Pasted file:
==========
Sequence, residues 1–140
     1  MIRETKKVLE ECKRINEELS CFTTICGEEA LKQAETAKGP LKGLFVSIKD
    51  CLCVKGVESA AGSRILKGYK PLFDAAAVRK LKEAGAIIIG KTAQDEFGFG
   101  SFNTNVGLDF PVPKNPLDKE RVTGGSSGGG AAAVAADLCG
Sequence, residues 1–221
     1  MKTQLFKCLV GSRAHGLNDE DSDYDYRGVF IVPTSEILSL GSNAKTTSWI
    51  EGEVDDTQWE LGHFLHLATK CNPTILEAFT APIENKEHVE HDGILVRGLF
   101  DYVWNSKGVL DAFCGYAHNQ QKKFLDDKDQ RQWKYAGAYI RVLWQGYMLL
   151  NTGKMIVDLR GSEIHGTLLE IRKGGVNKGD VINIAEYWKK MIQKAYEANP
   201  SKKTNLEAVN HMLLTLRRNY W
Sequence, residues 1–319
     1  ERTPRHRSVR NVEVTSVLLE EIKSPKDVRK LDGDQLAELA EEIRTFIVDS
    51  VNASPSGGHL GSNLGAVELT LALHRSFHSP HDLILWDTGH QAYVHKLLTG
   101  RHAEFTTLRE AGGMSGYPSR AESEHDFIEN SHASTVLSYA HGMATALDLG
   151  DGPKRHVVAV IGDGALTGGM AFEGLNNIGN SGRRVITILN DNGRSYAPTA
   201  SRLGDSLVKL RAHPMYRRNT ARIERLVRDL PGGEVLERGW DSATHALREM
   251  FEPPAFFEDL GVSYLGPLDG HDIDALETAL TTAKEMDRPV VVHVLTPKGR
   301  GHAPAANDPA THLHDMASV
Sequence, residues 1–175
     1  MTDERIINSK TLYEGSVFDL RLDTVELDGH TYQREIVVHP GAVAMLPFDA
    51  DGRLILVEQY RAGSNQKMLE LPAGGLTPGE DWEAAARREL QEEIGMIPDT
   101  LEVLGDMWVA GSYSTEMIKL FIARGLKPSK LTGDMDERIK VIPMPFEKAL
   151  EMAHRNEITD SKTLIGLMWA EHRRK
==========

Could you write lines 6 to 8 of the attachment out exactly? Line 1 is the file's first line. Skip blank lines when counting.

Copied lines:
     1  MKTQLFKCLV GSRAHGLNDE DSDYDYRGVF IVPTSEILSL GSNAKTTSWI
    51  EGEVDDTQWE LGHFLHLATK CNPTILEAFT APIENKEHVE HDGILVRGLF
   101  DYVWNSKGVL DAFCGYAHNQ QKKFLDDKDQ RQWKYAGAYI RVLWQGYMLL